Everyone experiences loss at some time in life -from the second grader whose classmate didn’t return to school after suddenly contracting spinal meningitis, to the elderly man whose life-time neighbor dies of natural causes. In between, is a difficult range of scenarios including parents left grieving in the delivery room, children left standing by the bed of a cancer-ridden mother, husbands left to wonder “what might have been,” and wives retracing unending “what-ifs.”

Every experience is different. Yet, in each situation, we all seem to share a common sentiment: the feeling of being caught in the middle.

When a person experiences loss, it is as if a line is drawn on the timeline of their life. On one side of the line is “what once was,” and on the other side is “what is yet to be.” The problem is that it is impossible to live on both sides of the line at the same time.

The pain point is when you realize that stepping into “what is yet to be,” requires stepping away from “what once was.” I think this is why loss increases the sense of nostalgia. There is a desperate desire to keep your past as a part of your future, but you know it is impossible. The pain of loss is being caught in the middle.

This is why:

  • A mother may never change the decorations in her deceased child’s room.
  • A widowed husband may never be able to re-marry.
  • A church member may be upset when a decoration that reminds them of their lost spouse is removed.

It’s why I still have my wife’s phone number in my contact list.

I don’t think any of these issues are necessarily “bad” or “wrong.” In fact, I think it is healthy to remember our loved ones and honor them in our own particular ways.

The problem is when we buy into the lie that “what once was” will never meet the “what is yet to be” again. If that were true, hope does not exist. It would mean that death has conquered life. Further, if that were true, it means that this life is all we have. How depressing.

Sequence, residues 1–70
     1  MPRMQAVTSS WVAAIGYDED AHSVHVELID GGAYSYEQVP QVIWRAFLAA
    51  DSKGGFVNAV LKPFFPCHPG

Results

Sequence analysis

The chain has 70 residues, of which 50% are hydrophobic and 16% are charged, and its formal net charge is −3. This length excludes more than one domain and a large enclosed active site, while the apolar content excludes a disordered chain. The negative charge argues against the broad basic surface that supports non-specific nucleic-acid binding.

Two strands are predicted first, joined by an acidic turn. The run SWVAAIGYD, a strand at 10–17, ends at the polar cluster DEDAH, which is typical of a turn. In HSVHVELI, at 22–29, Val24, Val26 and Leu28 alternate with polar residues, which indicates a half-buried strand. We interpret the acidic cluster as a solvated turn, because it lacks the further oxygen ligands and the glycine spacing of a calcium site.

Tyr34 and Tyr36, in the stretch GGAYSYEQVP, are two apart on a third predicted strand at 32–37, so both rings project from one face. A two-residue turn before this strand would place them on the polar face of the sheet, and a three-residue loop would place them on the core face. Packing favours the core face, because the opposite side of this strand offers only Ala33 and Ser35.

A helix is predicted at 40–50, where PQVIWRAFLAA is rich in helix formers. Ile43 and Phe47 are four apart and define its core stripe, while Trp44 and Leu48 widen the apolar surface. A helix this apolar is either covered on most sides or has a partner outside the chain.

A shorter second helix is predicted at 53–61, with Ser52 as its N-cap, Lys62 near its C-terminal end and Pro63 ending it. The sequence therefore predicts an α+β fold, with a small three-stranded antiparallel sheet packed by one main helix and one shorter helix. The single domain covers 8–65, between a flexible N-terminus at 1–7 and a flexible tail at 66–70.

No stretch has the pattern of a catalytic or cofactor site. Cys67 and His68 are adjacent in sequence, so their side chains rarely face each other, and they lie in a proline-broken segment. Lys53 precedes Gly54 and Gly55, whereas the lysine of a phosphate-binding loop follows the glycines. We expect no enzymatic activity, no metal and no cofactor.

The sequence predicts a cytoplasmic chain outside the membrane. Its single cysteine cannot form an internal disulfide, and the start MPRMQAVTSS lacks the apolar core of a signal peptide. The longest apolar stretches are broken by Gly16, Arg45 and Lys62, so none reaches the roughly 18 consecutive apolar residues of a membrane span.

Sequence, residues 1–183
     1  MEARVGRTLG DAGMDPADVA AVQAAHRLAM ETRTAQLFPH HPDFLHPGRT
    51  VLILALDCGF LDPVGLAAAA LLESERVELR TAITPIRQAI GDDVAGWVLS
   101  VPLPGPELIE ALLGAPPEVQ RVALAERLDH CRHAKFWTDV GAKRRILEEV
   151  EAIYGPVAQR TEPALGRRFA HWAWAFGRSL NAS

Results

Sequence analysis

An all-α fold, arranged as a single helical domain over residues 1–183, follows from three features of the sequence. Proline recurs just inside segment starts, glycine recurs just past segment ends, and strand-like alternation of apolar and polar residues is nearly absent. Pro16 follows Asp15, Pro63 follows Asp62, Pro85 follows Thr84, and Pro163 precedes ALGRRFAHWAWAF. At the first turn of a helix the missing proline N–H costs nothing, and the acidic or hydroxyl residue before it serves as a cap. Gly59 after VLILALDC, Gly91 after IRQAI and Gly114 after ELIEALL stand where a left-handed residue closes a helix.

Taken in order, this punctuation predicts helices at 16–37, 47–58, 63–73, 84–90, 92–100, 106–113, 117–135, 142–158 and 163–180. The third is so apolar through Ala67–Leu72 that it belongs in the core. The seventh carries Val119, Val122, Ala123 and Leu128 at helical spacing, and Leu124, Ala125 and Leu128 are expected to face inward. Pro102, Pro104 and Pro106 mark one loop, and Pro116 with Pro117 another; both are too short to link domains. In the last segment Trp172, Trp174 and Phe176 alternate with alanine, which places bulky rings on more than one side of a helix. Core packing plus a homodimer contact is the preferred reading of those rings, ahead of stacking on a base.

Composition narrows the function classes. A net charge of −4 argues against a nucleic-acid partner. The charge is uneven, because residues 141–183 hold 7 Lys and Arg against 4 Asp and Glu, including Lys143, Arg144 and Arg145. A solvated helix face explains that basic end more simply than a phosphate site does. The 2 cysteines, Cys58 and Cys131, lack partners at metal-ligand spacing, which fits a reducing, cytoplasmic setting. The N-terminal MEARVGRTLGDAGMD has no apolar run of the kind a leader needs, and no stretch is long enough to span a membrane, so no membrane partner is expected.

Instead, the truth is that Christ has conquered death. And by the power of His resurrection, He is making all things new (Revelation 21:5) -which means that we will be reunited with our loved ones who are in Christ. Even better, our eternal reunion will be better than simply revisiting the “what once was.” It will be the ultimate fusion of “what once was” and “what is yet to be” magnified by eternity!

And, because of Christ’s work of redemption, there will be no need for counseling sessions to deal with unsaid regrets, unanswered questions, difficult admissions, or please for forgiveness. Behold, He is making all things new (Revelation 21:5)!

The best part of our reunion in Heaven will be the fact that Christ will reign perfectly in all of our relationships. We will no longer have to fear the effects of our sin or battle the distractions of the flesh.

So, in the meantime, let loss be a reminder of what awaits us as believers. Let the tension you feel between “what once was” and  “what is yet to be” direct your affection toward Christ and our eternal home with Him.

Be encouraged, we won’t always be caught in the middle.